Saturday 20 August 2016

How i got in to working with elite Boxers and MMA fighters

Despite the fact i've never wanted to be pigeon holed as working within one sport, it's fair to say that most people who know me through my nutrition work will do so from the work i have done with professional boxers. I have however worked with athletes across many professional sports, including: football, rugby, cycling, triathlon, long distance running, powerlifting, bodybuilding and probably  few others i've forgotten about (which reminds me, time to take my Omega 3).

With this in mind and considering i have been happy to let my public profile as a performance nutritionist take a back seat whilst i focus on developing and growing Nourish, i am still contacted for advice and consultations regularly by a wide range of people. I have however mainly focussed my limited time on working with boxers of late. The main reason being, that only having a small amount of time for client work i wanted to take on work that not only challenged me, but i could also get excited about. Work that made me want to read more journals, speak to more industry professionals to share ideas and work that i knew i'd be happy to work through the night for, to get the job done. Which is exactly what is required when working with professional boxers.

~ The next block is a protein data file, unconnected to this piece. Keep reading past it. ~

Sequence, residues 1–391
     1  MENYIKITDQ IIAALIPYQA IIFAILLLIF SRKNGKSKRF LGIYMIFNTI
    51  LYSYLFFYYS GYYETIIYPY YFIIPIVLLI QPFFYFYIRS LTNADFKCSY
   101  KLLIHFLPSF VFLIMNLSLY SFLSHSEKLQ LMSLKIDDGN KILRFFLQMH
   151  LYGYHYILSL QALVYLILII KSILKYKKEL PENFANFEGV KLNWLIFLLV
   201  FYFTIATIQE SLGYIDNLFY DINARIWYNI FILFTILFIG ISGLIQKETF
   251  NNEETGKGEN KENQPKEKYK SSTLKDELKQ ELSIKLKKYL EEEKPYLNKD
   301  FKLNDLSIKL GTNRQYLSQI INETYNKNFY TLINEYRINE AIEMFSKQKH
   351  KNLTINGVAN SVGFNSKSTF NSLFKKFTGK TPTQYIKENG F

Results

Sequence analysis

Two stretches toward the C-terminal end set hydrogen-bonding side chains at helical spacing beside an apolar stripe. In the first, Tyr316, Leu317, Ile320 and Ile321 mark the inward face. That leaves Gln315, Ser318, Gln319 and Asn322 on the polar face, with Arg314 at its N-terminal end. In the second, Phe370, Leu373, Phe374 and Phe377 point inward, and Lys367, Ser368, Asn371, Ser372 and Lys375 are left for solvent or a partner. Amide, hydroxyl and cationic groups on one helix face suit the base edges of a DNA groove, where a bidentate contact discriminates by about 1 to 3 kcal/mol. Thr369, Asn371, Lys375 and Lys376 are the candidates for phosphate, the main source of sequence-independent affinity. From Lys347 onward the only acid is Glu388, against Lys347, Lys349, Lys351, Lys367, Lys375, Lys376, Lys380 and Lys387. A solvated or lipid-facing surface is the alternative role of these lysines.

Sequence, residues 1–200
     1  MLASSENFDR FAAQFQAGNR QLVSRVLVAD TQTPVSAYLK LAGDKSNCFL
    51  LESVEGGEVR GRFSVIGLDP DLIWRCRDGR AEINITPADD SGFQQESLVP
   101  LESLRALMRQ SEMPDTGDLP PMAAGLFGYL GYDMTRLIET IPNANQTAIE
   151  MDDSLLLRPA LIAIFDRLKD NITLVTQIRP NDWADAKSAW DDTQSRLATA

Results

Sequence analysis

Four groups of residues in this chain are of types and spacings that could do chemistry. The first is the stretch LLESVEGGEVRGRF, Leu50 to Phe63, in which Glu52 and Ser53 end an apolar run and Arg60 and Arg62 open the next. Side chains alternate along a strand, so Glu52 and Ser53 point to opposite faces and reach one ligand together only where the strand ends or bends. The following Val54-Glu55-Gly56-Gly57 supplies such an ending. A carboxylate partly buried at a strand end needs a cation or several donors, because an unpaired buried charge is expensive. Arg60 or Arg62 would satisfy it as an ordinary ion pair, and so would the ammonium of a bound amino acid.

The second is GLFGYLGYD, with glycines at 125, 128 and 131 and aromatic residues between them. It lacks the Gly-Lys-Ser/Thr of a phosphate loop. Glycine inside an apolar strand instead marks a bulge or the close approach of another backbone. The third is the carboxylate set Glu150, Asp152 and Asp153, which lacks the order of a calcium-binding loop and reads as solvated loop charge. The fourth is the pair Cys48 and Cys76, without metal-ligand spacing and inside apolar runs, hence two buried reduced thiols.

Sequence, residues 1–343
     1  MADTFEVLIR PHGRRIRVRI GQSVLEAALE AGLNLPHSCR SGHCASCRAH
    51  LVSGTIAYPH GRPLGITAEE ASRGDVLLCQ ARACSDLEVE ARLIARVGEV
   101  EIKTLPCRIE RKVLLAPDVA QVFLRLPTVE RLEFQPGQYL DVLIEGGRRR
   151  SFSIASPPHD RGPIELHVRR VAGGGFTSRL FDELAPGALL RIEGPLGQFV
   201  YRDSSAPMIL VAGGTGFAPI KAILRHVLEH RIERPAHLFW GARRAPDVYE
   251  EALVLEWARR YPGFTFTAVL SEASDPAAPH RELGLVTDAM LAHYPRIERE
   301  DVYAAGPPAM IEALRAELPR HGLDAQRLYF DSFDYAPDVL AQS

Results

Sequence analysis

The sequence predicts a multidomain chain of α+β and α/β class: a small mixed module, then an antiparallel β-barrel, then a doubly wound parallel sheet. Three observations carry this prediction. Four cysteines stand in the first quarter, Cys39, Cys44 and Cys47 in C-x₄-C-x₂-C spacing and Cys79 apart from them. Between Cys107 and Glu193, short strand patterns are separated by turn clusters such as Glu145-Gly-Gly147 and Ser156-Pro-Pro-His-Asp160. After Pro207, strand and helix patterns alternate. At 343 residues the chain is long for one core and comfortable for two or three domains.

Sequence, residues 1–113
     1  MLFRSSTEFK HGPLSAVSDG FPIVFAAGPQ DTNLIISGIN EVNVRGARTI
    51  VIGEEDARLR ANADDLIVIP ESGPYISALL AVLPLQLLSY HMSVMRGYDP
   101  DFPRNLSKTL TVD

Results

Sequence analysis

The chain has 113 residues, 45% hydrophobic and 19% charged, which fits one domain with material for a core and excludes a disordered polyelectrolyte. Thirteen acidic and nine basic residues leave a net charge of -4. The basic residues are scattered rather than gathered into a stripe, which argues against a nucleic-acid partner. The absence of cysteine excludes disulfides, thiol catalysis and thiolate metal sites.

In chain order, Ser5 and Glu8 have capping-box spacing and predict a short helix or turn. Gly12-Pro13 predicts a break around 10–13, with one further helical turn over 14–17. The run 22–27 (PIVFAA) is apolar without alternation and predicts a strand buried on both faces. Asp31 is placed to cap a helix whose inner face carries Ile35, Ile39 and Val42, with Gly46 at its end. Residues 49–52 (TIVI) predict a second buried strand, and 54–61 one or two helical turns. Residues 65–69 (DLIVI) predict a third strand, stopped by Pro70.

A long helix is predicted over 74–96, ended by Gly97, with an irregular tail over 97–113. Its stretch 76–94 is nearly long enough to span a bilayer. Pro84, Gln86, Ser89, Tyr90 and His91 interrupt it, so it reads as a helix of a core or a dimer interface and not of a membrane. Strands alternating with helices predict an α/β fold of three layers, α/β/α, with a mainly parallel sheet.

The reason for writing this article was this past week i was asked again how i got in to working with boxers and how i saw my role within the support team and more specifically what my main role was as nutritionist. The answer i gave to the latter in terms of the most important parts of my role was  "setting a diet plan, implementing performance improving strategies and weight manipulation for making the weight" Those 3 aspects cover the core of what is expected of me from a client. However, most boxers when asked will first mention the making the weight aspect, it has become the most important aspect in their minds of the nutrition plan in recent times, with fighters draining weight to fight in lighter categories than they naturally should be.